Among the myriad legal issues confronting states—like Colorado—that are experimenting with the legalization of marijuana, is the need to regulate “pot tourism” by visitors from other states where marijuana remains illegal. In Colorado, the final recommendations from the Amendment 64 Implementation Task Force included a proposal “to limit purchases by state residents to an ounce at a time and to a quarter of an ounce for out-of-state visitors.”1 The lower amounts for nonresidents were intended to deter pot tourists from “smurfing”—visiting a number of different dispensaries to accumulate larger amounts of marijuana with a view to illegally reselling the pot.Colorado’s legislature adopted the task force’s recommendation in House Bill 1317 to establish the regulatory framework for the legal sale of marijuana.Colorado’s governor recently signed the Bill into law,and among its provisions is a quarter-ounce purchase limit for nonresidents.Under Colorado’s new law, the sale, to a nonresident, of an amount in excess of the quarter-ounce limit is a class 2 misdemeanor,punishable by between three and twelve months imprisonment, a $250 to $1000 fine, or both.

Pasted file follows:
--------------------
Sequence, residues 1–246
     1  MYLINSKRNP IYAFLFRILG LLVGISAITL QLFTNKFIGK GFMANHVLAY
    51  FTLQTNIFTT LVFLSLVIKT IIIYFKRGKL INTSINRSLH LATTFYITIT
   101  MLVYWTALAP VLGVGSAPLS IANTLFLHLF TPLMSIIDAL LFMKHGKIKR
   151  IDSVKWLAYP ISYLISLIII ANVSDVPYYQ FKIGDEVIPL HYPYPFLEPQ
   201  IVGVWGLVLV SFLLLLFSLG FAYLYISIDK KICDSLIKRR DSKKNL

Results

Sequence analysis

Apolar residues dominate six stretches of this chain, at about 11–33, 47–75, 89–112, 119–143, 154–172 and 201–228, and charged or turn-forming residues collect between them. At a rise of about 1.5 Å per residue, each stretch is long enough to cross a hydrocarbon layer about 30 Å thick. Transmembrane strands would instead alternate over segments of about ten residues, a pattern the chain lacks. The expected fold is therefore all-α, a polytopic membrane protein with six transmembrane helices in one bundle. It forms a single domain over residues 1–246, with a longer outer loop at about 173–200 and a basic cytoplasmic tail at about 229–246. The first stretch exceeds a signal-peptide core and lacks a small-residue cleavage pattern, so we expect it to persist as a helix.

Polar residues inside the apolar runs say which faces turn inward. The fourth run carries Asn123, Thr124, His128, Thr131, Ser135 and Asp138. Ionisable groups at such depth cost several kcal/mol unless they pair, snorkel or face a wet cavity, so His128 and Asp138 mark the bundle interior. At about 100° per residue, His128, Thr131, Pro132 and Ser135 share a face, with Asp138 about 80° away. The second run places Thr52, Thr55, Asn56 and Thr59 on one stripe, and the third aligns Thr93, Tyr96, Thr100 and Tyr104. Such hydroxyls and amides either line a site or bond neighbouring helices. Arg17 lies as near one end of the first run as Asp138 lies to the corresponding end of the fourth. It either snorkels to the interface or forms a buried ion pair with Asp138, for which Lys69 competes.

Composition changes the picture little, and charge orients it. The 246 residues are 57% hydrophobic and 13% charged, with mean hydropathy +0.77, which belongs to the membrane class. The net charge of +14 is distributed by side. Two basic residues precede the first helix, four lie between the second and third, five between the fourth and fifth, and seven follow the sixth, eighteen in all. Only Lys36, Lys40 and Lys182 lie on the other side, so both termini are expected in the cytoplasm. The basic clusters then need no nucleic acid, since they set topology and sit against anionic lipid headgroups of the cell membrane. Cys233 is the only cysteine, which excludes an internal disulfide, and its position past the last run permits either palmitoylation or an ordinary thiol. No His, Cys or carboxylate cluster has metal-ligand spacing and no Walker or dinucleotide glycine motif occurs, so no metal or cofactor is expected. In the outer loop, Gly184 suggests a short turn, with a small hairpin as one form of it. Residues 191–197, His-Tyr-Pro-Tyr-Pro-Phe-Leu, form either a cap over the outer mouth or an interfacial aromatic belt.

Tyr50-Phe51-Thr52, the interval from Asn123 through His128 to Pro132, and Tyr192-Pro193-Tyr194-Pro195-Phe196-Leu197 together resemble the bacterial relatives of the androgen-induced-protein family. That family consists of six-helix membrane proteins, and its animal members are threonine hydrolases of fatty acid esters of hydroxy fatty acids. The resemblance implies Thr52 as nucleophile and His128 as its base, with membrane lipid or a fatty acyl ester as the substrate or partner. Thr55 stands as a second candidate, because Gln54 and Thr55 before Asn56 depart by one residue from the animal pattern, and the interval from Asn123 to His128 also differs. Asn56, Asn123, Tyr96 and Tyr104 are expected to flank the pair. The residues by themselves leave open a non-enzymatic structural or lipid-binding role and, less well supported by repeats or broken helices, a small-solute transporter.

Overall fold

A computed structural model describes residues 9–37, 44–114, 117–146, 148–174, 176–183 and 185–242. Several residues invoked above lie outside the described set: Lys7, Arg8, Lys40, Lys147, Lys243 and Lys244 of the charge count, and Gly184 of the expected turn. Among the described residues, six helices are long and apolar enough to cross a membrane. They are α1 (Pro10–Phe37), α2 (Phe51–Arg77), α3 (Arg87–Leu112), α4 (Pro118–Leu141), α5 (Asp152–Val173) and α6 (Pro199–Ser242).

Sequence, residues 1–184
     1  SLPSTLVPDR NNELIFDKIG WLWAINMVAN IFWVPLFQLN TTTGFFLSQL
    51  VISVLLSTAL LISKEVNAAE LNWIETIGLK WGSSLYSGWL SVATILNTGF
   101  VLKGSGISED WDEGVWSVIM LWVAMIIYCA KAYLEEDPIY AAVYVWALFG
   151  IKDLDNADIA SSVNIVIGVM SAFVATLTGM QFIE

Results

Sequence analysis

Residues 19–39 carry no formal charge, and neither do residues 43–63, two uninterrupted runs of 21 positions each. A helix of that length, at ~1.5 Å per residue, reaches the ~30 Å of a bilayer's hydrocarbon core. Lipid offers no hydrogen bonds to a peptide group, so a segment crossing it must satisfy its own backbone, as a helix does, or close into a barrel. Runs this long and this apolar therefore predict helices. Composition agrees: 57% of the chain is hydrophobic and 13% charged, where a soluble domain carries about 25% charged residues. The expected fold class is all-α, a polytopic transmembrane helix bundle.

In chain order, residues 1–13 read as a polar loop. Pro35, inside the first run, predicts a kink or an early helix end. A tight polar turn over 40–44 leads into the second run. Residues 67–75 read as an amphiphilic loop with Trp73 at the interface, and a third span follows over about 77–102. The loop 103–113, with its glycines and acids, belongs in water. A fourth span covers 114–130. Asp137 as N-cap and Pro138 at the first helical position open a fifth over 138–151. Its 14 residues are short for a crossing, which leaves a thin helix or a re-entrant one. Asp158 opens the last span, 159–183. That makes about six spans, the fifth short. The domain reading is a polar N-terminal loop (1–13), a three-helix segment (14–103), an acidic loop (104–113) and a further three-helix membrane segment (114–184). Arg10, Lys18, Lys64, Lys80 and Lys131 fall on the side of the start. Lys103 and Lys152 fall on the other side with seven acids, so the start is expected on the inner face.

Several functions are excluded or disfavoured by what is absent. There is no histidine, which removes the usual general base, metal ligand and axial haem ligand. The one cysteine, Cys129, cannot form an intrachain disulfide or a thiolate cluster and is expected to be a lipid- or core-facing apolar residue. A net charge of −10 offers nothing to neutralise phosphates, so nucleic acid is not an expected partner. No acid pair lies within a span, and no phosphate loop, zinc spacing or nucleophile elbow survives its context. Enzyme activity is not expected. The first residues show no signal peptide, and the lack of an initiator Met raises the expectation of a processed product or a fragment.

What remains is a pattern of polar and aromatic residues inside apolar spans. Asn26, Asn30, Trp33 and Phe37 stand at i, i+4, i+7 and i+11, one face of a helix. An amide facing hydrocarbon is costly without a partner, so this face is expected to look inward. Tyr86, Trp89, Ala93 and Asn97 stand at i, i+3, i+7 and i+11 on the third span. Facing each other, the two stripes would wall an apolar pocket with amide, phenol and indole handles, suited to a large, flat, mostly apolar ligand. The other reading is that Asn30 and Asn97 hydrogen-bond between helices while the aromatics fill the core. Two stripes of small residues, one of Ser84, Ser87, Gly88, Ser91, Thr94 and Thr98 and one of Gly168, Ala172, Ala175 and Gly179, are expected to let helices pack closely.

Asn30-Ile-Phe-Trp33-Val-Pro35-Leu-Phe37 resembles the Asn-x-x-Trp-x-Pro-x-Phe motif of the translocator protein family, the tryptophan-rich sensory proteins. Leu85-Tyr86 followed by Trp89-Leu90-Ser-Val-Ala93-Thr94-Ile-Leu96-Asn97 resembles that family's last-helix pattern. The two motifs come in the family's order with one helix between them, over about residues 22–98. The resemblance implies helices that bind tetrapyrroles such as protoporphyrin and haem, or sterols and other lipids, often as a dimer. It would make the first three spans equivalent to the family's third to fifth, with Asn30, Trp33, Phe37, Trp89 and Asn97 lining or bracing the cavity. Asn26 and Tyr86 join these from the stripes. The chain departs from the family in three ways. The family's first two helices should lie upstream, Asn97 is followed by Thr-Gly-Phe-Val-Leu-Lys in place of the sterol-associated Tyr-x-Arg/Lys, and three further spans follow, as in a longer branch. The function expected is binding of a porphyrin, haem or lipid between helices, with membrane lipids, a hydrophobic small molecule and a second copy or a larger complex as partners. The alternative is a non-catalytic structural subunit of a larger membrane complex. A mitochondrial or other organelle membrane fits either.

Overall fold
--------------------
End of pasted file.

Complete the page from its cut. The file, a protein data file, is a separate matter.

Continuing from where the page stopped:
Treating purchasers of a legal product differently based on their state of residency implicates constitutional doctrines that limit a state’s ability to discriminate against nonresidents. This Essay examines the Colorado recommendation in light of two of those doctrines: the Privileges and Immunities Clause of Article IV, Section Two and the dormant Commerce Clause doctrine (DCCD).At first glance, Colorado’s facially-discriminatory law appears to be almost certainly unconstitutional under current doctrine. This Essay will argue, however, that Colorado could make a compelling case that its law does pass constitutional muster. This argument is bolstered by the U.S. Supreme Court’s recent treatment of both Privileges and Immunities and dormant Commerce Clause claims in McBurney v. Young, as well as recent federal guidance on enforcement of federal drug laws.